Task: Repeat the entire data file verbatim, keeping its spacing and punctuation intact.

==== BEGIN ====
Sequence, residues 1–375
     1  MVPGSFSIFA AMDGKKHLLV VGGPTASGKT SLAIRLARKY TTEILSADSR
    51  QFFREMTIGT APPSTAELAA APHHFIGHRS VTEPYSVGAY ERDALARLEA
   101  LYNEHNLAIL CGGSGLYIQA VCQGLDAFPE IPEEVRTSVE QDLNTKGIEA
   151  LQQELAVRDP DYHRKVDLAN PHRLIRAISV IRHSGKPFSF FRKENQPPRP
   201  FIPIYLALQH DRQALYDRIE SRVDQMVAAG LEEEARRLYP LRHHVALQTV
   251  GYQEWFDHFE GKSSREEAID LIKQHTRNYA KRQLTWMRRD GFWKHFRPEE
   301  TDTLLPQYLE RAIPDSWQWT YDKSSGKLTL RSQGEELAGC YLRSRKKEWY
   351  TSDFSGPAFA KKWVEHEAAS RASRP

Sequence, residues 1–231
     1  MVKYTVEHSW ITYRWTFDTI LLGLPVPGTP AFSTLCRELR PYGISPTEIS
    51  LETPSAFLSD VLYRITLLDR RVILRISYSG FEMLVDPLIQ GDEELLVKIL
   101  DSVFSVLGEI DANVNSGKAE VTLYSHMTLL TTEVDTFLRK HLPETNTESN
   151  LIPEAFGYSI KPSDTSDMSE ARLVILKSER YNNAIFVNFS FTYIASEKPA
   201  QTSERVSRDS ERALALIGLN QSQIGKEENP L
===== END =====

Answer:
Sequence, residues 1–375
     1  MVPGSFSIFA AMDGKKHLLV VGGPTASGKT SLAIRLARKY TTEILSADSR
    51  QFFREMTIGT APPSTAELAA APHHFIGHRS VTEPYSVGAY ERDALARLEA
   101  LYNEHNLAIL CGGSGLYIQA VCQGLDAFPE IPEEVRTSVE QDLNTKGIEA
   151  LQQELAVRDP DYHRKVDLAN PHRLIRAISV IRHSGKPFSF FRKENQPPRP
   201  FIPIYLALQH DRQALYDRIE SRVDQMVAAG LEEEARRLYP LRHHVALQTV
   251  GYQEWFDHFE GKSSREEAID LIKQHTRNYA KRQLTWMRRD GFWKHFRPEE
   301  TDTLLPQYLE RAIPDSWQWT YDKSSGKLTL RSQGEELAGC YLRSRKKEWY
   351  TSDFSGPAFA KKWVEHEAAS RASRP

Sequence, residues 1–231
     1  MVKYTVEHSW ITYRWTFDTI LLGLPVPGTP AFSTLCRELR PYGISPTEIS
    51  LETPSAFLSD VLYRITLLDR RVILRISYSG FEMLVDPLIQ GDEELLVKIL
   101  DSVFSVLGEI DANVNSGKAE VTLYSHMTLL TTEVDTFLRK HLPETNTESN
   151  LIPEAFGYSI KPSDTSDMSE ARLVILKSER YNNAIFVNFS FTYIASEKPA
   201  QTSERVSRDS ERALALIGLN QSQIGKEENP L